Infatuation Often Leads to Obsession

Carrie Wynn

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My friend Jane has always been one of the most independent and hard-working women that I know.

Six months ago, Jane met her new boyfriend, Sean, and they became official within a few weeks.

Last week I had Jane over for dinner and was stunned by how different she was than the confident woman I have known for over a decade.

It became all too clear that Sean was becoming the center of her world, she wasn’t the center of his, and it was causing Jane anxiety, depression, and a whole lot of unneeded stress

Unfortuantely it is far too easy to become too infatuated with our partners and lose our sense of self.

Here are four signs that obsession is beginning to creep into your relationship, and that you may need to take a step back and re-evaluate if your current partner is a healthy fit.

#1. The focus of the conversation is your love life

Although I am in a relationship, I make it a point to limit how much I talk about my partner because I want my time with my friends to be centered around us and our shared interests.

When Jane came over, she stayed for almost four hours, and the only topic of conversation was about Sean. Although Jane is typically caring, and our friend has never been one-sided, she made Sean the sole focus of our conversation.

If you tie everything back to your partner, “Oh my gosh, Joe loves this type of soup too!” Then you are allowing it to consume the conversations that should include other topics.

#2. Your interactions with them will make or break your day

During my first semester of college, I dated Will, a handsome senior who felt way out of my league.

It felt like a dream come true when Will reciprocated my feelings. We officially began dating, but my feelings were a borderline obsession. Will was the first thing that I thought about when I woke up, and whether or not he texted me would determine if I had a good morning or a bad one.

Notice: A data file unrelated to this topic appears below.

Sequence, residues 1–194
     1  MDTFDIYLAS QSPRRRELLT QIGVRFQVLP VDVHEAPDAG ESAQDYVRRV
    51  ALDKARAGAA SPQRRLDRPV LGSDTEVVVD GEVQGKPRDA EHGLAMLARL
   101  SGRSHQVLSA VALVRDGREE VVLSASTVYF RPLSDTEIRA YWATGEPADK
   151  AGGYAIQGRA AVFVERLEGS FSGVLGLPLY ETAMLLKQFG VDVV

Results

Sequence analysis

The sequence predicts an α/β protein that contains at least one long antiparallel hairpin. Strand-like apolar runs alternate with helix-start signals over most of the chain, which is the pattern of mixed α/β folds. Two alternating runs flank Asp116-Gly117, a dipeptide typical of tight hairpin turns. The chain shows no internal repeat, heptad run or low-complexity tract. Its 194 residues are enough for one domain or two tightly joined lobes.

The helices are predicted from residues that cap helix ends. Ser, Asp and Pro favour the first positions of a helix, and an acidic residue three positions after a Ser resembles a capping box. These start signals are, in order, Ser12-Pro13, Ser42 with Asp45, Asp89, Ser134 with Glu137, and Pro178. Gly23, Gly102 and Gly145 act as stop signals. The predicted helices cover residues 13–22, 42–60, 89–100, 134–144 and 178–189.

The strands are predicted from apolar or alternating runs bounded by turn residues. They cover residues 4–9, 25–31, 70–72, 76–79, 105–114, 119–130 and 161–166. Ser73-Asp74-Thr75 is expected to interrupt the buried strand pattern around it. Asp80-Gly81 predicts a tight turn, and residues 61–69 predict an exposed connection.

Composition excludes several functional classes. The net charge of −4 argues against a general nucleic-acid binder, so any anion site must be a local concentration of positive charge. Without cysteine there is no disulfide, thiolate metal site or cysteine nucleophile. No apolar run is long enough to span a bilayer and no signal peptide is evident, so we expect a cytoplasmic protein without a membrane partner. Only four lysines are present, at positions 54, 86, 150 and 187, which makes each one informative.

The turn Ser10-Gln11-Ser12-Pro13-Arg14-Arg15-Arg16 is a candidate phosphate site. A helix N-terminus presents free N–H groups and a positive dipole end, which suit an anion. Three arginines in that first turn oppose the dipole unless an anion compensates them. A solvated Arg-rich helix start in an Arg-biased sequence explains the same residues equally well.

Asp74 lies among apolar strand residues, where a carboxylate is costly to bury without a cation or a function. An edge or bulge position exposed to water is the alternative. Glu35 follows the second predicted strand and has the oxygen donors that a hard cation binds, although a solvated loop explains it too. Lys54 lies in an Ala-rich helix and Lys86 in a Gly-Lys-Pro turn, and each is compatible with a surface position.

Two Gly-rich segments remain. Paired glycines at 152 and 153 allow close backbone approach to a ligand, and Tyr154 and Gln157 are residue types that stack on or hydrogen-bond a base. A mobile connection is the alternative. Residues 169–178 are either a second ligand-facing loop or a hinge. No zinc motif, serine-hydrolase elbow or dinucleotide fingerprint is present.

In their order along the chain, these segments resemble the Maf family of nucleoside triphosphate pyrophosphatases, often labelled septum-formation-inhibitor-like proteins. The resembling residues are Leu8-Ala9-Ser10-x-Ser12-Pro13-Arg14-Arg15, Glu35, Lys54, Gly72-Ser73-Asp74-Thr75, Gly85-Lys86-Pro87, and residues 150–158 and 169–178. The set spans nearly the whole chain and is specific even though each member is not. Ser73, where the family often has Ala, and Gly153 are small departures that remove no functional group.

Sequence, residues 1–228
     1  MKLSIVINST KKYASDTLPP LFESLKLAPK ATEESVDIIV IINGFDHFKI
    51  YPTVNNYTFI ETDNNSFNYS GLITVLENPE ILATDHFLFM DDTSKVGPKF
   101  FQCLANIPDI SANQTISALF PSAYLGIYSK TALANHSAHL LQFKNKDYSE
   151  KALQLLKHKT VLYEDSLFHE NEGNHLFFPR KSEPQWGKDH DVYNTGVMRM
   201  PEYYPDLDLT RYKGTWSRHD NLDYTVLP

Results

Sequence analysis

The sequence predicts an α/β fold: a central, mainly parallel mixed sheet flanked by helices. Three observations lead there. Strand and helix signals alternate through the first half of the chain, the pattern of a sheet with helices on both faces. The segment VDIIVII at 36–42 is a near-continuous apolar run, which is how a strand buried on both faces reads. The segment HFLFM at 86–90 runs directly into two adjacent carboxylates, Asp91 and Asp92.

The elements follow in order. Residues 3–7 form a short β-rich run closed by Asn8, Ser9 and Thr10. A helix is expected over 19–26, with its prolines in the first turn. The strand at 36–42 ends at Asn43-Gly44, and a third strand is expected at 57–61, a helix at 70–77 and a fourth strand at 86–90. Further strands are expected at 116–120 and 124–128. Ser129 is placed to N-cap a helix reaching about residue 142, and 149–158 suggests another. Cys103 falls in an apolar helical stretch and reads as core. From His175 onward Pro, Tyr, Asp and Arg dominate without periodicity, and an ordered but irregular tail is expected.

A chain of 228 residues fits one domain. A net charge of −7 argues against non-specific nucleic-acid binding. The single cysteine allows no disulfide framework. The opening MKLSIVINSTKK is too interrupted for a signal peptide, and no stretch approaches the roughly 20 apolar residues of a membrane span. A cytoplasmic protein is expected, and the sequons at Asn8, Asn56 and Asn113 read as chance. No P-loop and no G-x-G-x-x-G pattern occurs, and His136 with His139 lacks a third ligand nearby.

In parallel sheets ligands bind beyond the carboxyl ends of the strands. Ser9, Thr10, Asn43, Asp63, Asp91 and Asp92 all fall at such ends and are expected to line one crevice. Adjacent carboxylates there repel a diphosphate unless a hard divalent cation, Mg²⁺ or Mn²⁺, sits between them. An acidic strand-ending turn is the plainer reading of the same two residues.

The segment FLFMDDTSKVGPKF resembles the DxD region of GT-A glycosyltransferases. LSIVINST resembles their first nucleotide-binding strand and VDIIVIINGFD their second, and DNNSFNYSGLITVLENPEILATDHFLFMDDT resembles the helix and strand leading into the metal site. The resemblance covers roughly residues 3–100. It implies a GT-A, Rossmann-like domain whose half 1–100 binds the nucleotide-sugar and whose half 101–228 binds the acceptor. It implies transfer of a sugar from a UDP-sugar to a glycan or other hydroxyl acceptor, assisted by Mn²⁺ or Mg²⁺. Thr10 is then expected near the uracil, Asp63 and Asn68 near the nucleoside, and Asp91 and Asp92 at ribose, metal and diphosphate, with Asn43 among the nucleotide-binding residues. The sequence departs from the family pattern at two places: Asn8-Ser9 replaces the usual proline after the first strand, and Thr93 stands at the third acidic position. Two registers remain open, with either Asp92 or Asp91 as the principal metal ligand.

When I saw Will on campus, I would be ecstatic throughout the day, but if he were busy or seemed “unhappy” (all in my head), it would be what I ruminated about the rest of the afternoon.

#3. The way that you feel depends on their ever-changing mood

Years ago, I was in a relationship with a toxic older man. Although I wouldn’t have considered myself obsessed, it was evident that he had temporarily consumed my life when I looked back. His moods were constantly changing, which ultimately determined how I felt that day.

If he was upset, I was upset and nervous, trying to fix things. If he was happy, I felt ecstatic and over the moon.

No one should have the power to control your mood. Obsessing over how your parent feels is very dangerous and can result in a complete loss of self.

#4. Any plans that you make revolve around them

A few weeks ago I met a woman, Christen, at my friend’s birthday party. It turned out that she was dating Ryan, a friend in the group.

Ryan is in his forties and struggles with commitment. His pattern consists of dating a woman for a year and then becoming distant and starting to date someone new.

Although Christen is aware that Ryan has commitment issues and has been warned, she’s fallen head over heels for him. When Ryan needs something, she will drop everything and rush to his aid. Instead of making time for her needs, she caters to what Ryan wants to do and always leaves her calendar open for whether or not he “decides” that he wants to meet up.

Christen has lost control over her life and calendar, and everything revolves around what Ryan wants and what serves him.

When we hear the word “obsession,” it can take us to an extreme version of the word, such as stalking our crush or bombarding them with communication.

The truth is that it can be much more subtle and is just when you let someone else consume everything in your life, including the time that you used to put towards yourself.

I completely empathize with my friend Jane that I mentioned at the beginning of this story. After all, there were many times when I abandoned myself for my relationships. However, it never ended well and was no grounds for cultivating a healthy partnership with someone I could genuinely see myself with for life.

I hope that she will begin recognizing her obsessive behavior and start putting her needs first, instead of putting then aside for her partner.

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I am a writer & relationship consultant that primarily deals with narcissism, overcoming abuse & trauma, and self-love. Contact me @ Blog: carriewynn.com Instagram: carrie_wynnmusings

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